Wednesday, April 1, 2009

Not Getting Better All the Time

Things look as bad in the "advanced" economies today than they did in 1998 at the peak of the roiling economic/financial crisis in the emerging economies.  Please click on the link to the first graph that shows one measure of how much stress our financial system is under:  Econbrowser.

Beyond this, the "second derivative" of this economic contraction is much talked about elsewhere:

The Institute for Supply Management’s factory index rose to 36.3 last month from 35.8 in February. Readings less than 50 signal a contraction

“The pace of decline is slowing down, that’s important,” David Wyss, chief economist with Standard & Poor’s in New York, said in a Bloomberg Television interview. “It is too early to look for a turnaround, but maybe it is time to start saying that things are not getting as bad as quickly as they were earlier.”

This business that things are getting bad less rapidly, so don't worry-be happy is a little loony from EBR's standpoint.  Think of a dieter who gains rather than loses weight, but for a couple of weeks, he only gains one pound weekly rather than 2 pounds.  This is progress?

Dr. Wyss knows full well that he was at best exaggerating when he said "that's important" in the quote above.  It's not only not important what the second derivative of growth is for most people, but it is completely irrelevant from a stock investment standpoint, where the almost inevitable slowdown in deterioration in the speed of the recession is, mechanically, supposed to herald the up-phase of the "U"-shaped recession- the unsaid message being that you had better be in stocks or you will never ever get another chance to buy at such marvelous ridiculous bargain prices! . . .   He and his ilk are like late-night TV pitchmen.  As Graham and Dodd pointed out, individuals who need their capital should only buy stocks when there is a sufficient level of undervaluation to justify the risks, and in that case, the precise jigs and jags of the economy, and which phase of the recession we are in, would be of little importance.  But then we would not need economists to provide quotes for Bloomberg to aid the stock-trading community, would we?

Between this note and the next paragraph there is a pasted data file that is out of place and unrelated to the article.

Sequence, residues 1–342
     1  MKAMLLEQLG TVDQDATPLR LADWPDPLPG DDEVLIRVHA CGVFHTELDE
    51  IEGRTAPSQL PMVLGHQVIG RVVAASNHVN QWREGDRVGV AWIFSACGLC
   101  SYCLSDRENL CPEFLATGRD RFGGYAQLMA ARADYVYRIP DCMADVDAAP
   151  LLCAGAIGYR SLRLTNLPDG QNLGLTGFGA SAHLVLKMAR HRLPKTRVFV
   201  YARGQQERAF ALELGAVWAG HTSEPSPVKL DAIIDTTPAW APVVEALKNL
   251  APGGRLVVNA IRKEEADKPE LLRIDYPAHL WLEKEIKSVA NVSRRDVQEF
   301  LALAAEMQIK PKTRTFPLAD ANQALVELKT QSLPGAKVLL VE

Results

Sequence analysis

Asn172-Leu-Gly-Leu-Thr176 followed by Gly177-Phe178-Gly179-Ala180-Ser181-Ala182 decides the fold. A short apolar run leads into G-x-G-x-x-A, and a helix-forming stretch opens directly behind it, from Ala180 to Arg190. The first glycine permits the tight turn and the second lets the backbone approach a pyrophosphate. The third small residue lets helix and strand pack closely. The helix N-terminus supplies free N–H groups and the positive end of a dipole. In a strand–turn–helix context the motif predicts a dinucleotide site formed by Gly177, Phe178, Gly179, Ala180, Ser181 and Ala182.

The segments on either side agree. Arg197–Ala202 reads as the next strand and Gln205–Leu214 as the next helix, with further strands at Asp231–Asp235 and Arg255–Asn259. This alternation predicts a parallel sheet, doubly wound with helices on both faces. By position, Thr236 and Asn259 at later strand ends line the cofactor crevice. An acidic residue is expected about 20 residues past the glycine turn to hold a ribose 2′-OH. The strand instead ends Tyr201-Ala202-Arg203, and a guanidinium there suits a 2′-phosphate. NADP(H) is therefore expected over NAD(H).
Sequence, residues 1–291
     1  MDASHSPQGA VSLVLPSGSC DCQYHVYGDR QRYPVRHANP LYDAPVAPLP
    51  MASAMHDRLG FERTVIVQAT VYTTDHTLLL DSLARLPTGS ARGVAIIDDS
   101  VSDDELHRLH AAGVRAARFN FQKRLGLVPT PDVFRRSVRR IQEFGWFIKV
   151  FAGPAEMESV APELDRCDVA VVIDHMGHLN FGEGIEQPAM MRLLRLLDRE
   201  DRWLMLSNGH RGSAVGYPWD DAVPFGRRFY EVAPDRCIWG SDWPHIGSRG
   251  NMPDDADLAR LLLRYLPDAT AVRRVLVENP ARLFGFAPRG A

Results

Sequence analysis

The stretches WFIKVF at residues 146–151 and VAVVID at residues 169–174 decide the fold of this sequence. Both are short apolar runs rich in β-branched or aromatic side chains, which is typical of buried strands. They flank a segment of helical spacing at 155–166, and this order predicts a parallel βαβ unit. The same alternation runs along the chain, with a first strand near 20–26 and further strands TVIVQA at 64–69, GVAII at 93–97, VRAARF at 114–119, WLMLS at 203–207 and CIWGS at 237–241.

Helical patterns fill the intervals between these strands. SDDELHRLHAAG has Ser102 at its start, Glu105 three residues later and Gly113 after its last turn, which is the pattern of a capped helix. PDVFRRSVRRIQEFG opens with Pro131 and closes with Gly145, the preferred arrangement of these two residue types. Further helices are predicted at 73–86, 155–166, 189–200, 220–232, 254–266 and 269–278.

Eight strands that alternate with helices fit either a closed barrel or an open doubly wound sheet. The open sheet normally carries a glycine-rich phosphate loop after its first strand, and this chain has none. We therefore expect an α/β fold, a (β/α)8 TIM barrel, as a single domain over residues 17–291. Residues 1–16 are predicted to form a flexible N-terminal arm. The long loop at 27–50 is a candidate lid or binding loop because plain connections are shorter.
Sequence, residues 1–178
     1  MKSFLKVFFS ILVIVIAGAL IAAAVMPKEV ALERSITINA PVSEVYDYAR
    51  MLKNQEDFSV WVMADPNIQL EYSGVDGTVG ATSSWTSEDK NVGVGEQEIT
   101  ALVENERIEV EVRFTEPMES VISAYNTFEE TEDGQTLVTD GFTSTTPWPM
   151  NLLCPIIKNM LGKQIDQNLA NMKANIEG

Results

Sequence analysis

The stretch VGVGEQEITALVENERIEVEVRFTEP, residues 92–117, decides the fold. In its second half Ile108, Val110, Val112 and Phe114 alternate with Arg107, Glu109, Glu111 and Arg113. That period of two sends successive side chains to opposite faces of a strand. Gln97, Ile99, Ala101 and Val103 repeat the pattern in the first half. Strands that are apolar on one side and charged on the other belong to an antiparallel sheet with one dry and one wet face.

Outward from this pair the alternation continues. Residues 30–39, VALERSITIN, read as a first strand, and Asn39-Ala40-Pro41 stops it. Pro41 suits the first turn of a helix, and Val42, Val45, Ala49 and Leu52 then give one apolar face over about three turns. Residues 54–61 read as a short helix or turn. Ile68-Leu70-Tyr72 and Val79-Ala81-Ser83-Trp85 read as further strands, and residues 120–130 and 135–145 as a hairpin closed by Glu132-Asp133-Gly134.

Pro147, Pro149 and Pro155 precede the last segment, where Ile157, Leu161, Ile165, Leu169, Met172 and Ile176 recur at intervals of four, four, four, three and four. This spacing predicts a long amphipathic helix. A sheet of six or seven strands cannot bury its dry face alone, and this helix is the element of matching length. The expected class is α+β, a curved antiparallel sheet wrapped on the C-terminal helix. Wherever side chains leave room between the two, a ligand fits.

The counter-example is that Japan has been alternating between getting better and getting worse for almost 20 years, and the stock market now contains a large number of truly undervalued equities.  The dinosaurs of growth in this country, GM and JPMorgan Chase, for example, have resorted to tricks to show growth for years, but their stock charts do not lie.
Legitimate secular growth stocks at fair valuations are still difficult to identify.

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